Heh. The CSS mastery



  • This really makes me go "wtf?" 

    [pvd@smc1-1 ~/www]$ egrep -e "!important" --exclude=*.svn-base -rf * | wc -l
    1198
    [pvd@smc1-1 ~/www]$



  • The author probably wishes there was a "really important" flag. Then, a !critical, and so on.

     Reminds me those self-important people setting all their outbound mail to to "!important" flag. Makes you regret such a feature ever existed.
     



  • I actually use it sometimes. But only on lowest level nested elements.
    Mostly for recurring elements that can be in multiple positions on a page.

    Like for instance a warning box or something, (bad exmaple but ok)

    instead of having to define it like

    #canvas #menu .warning_box,
    #canvas #popup .warning_box,
    #canvas #content .warning_box { background-color: red;}

    i rather write

    .warning_box {background-color: red !important; }

     

    It should be used sparingly though. And bascically only on elements where it would be a pain to keep defining it for multiple occurences, while it is in fact the same style your trying to define,
     



  • @stratos said:

    It should be used sparingly though.

    Agreed.

    Setting overrides is usually a sign hat you don't know how to do it elegantly. It's like adding more and more duct tape to something that should really be reassembled.



  • Well every other rule has !important on it. And it's a relatively small site.



  • !important , from W3C CSS specs ...

    CSS attempts to create a balance of power between author
    and user style sheets. By default, rules in an author's style
    sheet override those in a user's style sheet (see cascade
    rule 3).

    However, for balance, an "!important" declaration (the keywords "!" and "important" follow the declaration) takes precedence over a normal declaration. Both author and user style sheets may contain "!important" declarations, and user "!important" rules override author "!important" rules. This CSS feature improves accessibility of documents by giving users with special requirements (large fonts, color combinations, etc.) control over presentation.

    This means !important was never designed to override your own rules but rather for the author to override user rules or vice versa. Clearly someone doesn't understand the basics of CSS specificity and cascading. This also has negative impacts on useability since users are no longer able to override author rules for accessibilty reasons. !important should be used very sparingly and only for good reasons.
     



  • rules in an author's style
    sheet override those in a user's style sheet

    This is strangely backwards. What is the point of a user stylesheet if it does not override or even wholly replace author stylesheets automatically? That's equivalent to a dialog box "Are you sure?" followed by a dialog box "But are you REALLY sure?"



  • @dhromed said:

    rules in an author's style
    sheet override those in a user's style sheet

    This is strangely backwards. What is the point of a user stylesheet if it does not override or even wholly replace author stylesheets automatically? That's equivalent to a dialog box "Are you sure?" followed by a dialog box "But are you REALLY sure?"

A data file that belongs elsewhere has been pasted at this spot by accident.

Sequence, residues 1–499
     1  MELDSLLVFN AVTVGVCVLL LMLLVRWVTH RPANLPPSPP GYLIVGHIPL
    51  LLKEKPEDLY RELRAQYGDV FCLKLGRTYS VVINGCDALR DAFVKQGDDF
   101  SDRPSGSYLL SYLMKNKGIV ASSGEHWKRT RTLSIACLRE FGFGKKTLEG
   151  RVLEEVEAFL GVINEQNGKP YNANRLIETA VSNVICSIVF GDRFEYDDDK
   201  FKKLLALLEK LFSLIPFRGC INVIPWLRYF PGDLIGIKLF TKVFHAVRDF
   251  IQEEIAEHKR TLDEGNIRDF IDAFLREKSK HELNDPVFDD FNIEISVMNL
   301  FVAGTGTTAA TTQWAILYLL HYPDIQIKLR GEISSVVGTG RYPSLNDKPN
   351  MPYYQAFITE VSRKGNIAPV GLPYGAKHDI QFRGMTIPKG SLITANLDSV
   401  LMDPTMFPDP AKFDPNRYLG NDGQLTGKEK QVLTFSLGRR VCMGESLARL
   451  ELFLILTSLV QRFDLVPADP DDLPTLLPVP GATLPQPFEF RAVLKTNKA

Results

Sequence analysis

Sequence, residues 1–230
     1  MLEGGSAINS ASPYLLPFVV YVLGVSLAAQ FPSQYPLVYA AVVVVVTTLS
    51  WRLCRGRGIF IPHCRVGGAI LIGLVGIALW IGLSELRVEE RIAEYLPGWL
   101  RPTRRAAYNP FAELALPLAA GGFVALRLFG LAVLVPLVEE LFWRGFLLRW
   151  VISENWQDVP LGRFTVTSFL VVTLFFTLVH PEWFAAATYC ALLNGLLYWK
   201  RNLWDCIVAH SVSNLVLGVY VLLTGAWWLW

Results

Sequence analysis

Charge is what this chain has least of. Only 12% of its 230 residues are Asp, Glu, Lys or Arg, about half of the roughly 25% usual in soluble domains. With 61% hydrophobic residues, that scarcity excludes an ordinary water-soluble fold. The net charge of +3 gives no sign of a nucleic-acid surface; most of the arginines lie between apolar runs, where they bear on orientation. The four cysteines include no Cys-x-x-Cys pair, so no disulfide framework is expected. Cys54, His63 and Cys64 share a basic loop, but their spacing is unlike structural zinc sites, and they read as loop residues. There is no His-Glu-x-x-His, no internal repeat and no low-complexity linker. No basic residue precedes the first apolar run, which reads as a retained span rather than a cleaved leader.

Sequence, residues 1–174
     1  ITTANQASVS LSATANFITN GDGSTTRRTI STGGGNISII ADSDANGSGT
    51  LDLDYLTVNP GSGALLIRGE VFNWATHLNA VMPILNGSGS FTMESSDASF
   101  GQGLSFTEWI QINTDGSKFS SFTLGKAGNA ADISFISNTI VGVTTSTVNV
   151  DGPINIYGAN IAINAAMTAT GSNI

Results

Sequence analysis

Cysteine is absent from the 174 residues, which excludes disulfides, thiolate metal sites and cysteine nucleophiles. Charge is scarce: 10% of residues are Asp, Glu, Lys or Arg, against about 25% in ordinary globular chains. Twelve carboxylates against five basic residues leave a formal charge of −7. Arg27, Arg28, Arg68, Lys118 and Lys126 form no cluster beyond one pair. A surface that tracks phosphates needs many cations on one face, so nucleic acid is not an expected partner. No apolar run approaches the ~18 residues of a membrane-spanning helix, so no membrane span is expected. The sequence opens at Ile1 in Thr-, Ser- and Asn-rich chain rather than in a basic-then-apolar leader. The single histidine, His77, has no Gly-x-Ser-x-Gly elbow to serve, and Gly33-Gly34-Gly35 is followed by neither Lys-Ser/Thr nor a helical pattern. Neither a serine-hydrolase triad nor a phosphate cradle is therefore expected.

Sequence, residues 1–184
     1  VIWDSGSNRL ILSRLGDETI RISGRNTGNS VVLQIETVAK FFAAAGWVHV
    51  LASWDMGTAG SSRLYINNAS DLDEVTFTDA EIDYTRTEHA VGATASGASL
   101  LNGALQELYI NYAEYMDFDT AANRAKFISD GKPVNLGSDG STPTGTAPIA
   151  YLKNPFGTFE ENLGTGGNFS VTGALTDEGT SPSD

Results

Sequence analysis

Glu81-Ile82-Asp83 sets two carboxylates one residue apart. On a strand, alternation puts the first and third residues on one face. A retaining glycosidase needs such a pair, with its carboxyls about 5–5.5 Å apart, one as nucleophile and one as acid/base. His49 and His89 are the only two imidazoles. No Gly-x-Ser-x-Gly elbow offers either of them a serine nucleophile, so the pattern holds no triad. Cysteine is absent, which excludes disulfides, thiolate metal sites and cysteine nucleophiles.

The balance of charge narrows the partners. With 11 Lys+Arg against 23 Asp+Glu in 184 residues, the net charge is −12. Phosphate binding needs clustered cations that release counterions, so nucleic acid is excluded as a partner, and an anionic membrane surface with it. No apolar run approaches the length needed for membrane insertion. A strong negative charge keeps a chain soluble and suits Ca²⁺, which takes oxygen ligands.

Why define a specific user/author style sheet at all, when you can simply hint at the fact that a client should/could be able to use a self-defined style sheet that will override the author's style sheet because of how CSS was designed.

     

     



  • @stratos said:

    Why define a specific user/author style sheet at all, when you can simply hint at the fact that a client should/could be able to use a self-defined style sheet that will override the author's style sheet because of how CSS was designed.

    Define a author stylesheet: so the page won't look like ass.
    Define a user stylesheet: so that a user can override certain styles for his own reasons, whatever they may be.

    What are you saying, exactly?
     



  • @dhromed said:

    @stratos said:

    Why define a specific user/author style sheet at all, when you can simply hint at the fact that a client should/could be able to use a self-defined style sheet that will override the author's style sheet because of how CSS was designed.

    Define a author stylesheet: so the page won't look like ass.
    Define a user stylesheet: so that a user can override certain styles for his own reasons, whatever they may be.

    What are you saying, exactly?
     



    arg, sorry i posted a bit quick from work, and misinterpeted your post. sorry.



  • @stratos said:

    @dhromed said:

    @stratos said:

    Why define a specific user/author style sheet at all, when you can simply hint at the fact that a client should/could be able to use a self-defined style sheet that will override the author's style sheet because of how CSS was designed.

    Define a author stylesheet: so the page won't look like ass.
    Define a user stylesheet: so that a user can override certain styles for his own reasons, whatever they may be.

    What are you saying, exactly?
     



    arg, sorry i posted a bit quick from work, and misinterpeted your post. sorry.

    waves hand 

    You are forgiven. :)

    So, I'm not sure what the OP's snippet does exactly, unless it adds !important to every property, in which case it's a wtfy workaround to wtfy program behaviour and standards definition, in which case two wrongs make half a right.


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